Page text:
The best tool I have found for supporting adult students’ learning process and contextual wellbeing is open and honest communication.  I try to open the dialogue by listening what my students are thinking, and expanding their knowledge of curriculum, instruction and research by communicative interactions. This is what I think pedagogy and andragogy are really about: supporting students’ deeper learning in dialogue.

Reflection is teachers’ best tool

30 Dec

As teachers we know the mechanisms of teaching and learning. In classroom we must choose which instructional practice to use to help our students to learn. What worked yesterday may or may not work today or tomorrow, because learning depends on the classroom situation and context. These decisions are often value judgments. This is why reflection is so crucially important!

Knowledge of the instructional process, learning process, and assessment are the three cornerstones of teaching practice. However, these three create a tad wobbly foundation if we omit the importance of personal and professional reflection. Teaching is work done with our personalities – there is no denying this! Students perceive us as a part of the learning environment, no matter what we do.

How we engage in the instructional process and learning process are the most important things to reflect upon after every workday. (Yes, these are two VERY different processes!) Reflection doesn’t have to be anything very time consuming or fancy (I know how busy teachers can be), but you shouldn’t walk away from your class or lesson without spending a minute thinking about it. Skipping reflection is like closing a word processing program without saving your work!

This is the easiest, fastest, everyday reflection process I know about:

Everyday reflection

Thinking about these three things and making a note about the change will help in future planning sessions. I often email myself things to be remembered, and I have a separate email account just for the notes from myself. Doesn’t matter whether you want record your reflections in a notebook. Just do it!

Reflection gets even better if we get to do it with a colleague. They may have insight into why students behaved differently, or a suggestion for what we might want to change in our teaching practice. Maybe they have tried different instructional strategy in a similar situation, or maybe they have diverse insight into learning process.

Joint reflection requires lots of trust. Exposing our own (perceived) weakness to a colleague requires a safe and collaborative working environment. While the advice from friends and colleagues is very helpful, the ultimate instructional choices must be our own and align with our personal values and dispositions. Thinking about our own pedagogical knowledge and pedagogical content knowledge is the base for making value judgments about instructional strategies and how we support students’ learning process. Instruction must fit into the classroom culture. (This is also the reason why exporting Finnish education as a product is not possible – learning is always situational and contextual.)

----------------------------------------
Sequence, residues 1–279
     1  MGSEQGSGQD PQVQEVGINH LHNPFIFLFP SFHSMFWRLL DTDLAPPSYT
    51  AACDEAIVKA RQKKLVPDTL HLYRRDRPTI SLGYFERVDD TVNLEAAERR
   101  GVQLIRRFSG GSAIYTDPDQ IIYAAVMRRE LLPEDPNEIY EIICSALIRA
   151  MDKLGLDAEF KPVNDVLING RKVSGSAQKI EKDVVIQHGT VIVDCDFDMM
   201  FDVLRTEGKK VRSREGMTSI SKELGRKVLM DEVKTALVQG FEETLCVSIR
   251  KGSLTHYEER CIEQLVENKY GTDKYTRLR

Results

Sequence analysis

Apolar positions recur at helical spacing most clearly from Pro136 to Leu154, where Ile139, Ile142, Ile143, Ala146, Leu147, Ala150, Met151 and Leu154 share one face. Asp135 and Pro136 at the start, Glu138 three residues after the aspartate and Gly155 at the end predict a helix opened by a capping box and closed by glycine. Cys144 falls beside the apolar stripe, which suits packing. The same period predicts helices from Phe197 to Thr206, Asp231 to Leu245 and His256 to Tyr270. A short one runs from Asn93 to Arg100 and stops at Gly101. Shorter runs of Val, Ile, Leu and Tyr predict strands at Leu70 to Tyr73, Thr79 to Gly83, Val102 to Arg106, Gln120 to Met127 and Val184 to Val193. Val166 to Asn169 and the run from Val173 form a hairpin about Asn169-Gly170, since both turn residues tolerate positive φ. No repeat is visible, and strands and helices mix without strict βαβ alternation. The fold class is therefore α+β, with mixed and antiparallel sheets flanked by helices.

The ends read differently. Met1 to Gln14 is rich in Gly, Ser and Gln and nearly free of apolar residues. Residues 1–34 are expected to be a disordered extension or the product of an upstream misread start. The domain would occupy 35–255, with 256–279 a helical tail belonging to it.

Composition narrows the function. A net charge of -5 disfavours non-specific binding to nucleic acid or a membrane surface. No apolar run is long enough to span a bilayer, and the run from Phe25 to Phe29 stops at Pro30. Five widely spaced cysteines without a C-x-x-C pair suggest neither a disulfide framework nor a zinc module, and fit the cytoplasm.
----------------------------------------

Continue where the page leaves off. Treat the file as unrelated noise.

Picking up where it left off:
As teachers we are engaging in lifelong learning. Not only because education changes when culture changes, but also to update our own competence.  I don’t know any teacher whose thinking about the profession has not changed since the day they started teaching.

If you haven’t made a New Years resolution yet, why not give reflective practice a try?

 

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[1] p. 255 in Guerriero, S., & Révai, N. (2017). Knowledge-based teaching and the evolution of a profession. In S. Guerriero (Ed.). (2017). Educational Research and Innovation: Pedagogical Knowledge and the Changing Nature of the Teaching Profession (pp. 253-269). OECD Publishing.

This whole book and many others about recent educational research are freely available for online reading  on OECD site:  Centre for Educational Research and Innovation

 

 

Self-determination and learning process

12 Aug

People are curious by nature. This curiosity is a great reason for learning something new. Sometimes, we as teachers, work against this natural flow of learning and end up in a situation where students resist learning. Here are 5 rules for avoiding this mistake:

  1. Build a classroom climate that supports learning. This can be done by engaging in frequent discussion about how subjective learning is, and how everyone learns and understands in a unique way – based on their previous knowledge and experiences. Provide choices for students to engage in learning and demonstrate their competence.
  2. Help students to choose to learn. Often students are mandated to attend school, which doesn’t create a great starting point for cooperation, however, providing opportunities for autonomy, competence and relatedness fosters engagement and motivation to learn (as argued in SDT – self determination theory). Validating students’ concerns and opinions helps to engage in open and honest communications. Students are in your class to learn. You are there to help them to learn. You didn’t mandate them to attend school. Try to step away from the power struggle of why, to making the classtime as meaningful as possible.